The aging process sometimes seems like nature's cruelest joke, but a new study shows there might actually be an upside to growing older. On average, survey respondents reported being less worried after 50, with people in their 70s and 80s the least likely to report negative emotions.
The findings shocked Sonja Lyubomirsky, a professor of psychology at the University of California at Riverside who studies happiness. "That's really surprising that people in their 80s are happier than in their 70s and 60s. That's almost shocking, and not consistent with everything I've seen."
Less ground-breaking results of the study, perhaps, regard the emotions of ages on the younger end of the spectrum, in which respondents reported being less stressed and angry in the years after their 20s. Those who have lived through their 20s would likely say that it wasn't the buffet of free-wheeling fun we see on TV. Reality check: twenty-somethings are at the beginning of their careers with lower-paying jobs that barely pay the bar tab racked up while looking for love in all the wrong places. There's a reason why "quarter-life crisis" has entered the modern lexicon.
What do these findings show in a larger sense? Lyubomirsky notes that the study "will make us happier and dread older age less if we know that some people who are older are happier. It debunks some stereotypes about older people."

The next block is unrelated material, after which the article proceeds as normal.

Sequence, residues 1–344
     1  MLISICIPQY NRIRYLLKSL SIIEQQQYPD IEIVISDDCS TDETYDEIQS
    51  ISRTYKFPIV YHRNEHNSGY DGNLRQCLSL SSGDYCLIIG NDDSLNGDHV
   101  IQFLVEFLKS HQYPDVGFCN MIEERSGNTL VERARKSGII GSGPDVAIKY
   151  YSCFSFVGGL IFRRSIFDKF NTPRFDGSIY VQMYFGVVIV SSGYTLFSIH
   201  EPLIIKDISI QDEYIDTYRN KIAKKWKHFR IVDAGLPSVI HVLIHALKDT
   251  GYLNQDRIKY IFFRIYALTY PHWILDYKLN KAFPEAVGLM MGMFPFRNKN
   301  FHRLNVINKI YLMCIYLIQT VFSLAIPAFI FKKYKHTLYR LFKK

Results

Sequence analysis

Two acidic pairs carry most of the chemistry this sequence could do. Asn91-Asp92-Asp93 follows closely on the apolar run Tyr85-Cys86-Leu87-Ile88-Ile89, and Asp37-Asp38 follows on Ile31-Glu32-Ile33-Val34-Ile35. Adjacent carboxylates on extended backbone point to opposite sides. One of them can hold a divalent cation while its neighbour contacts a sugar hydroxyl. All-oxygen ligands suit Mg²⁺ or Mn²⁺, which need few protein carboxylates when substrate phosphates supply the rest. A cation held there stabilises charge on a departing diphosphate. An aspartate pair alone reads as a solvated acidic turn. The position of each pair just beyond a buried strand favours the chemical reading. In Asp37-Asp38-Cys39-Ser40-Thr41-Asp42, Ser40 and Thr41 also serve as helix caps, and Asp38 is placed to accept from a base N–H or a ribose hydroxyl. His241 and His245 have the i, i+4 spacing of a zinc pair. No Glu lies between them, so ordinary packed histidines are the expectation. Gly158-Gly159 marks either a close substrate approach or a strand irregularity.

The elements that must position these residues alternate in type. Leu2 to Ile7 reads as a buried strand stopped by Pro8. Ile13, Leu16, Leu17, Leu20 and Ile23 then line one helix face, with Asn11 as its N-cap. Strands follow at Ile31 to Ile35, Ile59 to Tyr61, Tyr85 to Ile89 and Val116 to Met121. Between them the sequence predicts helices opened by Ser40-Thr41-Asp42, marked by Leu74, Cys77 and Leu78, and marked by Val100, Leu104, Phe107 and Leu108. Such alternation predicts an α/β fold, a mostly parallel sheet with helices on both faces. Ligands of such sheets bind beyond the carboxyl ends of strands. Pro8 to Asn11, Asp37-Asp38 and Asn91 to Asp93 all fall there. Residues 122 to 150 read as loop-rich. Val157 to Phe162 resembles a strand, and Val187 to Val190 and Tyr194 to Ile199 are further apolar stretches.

Anecdotally, these are findings that relate directly to a conversation I had with a dear friend recently. Groaning about aches and pains (we're not that old, but we're dramatic), she asked if I've seen any new gray hairs lately. "There's nothing good about getting old," I lamented. My friend, who is a good deal wiser than I am looked at me serenely. "Well, not physically," she said.
Perhaps the next batch of scientific findings will show that there are, in fact, physical powers bestowed upon us as we get older. Until then, though, some might find the results of this study deeply reassuring, in part because they say something about contentment, rather than "happiness."
As we age, our worry and stress declines. We loosen our death grip on the rabid striving to obtain all we desire in work, love, health, family, and material success. The study showed that reports of worrying drop off sharply after our 50s.
Some suggest that as we age, we stop casting into the future and begin appreciating what we have in life. Could aging be a practice in mindfulness? Vice chair of the department of psychiatry at New York's Stony Brook University, Arthur A. Stone says, "Perhaps you're making decisions about your life to maximize your pleasure in the now."
In the quest for contentment in our lives, this sounds like good news at any age.
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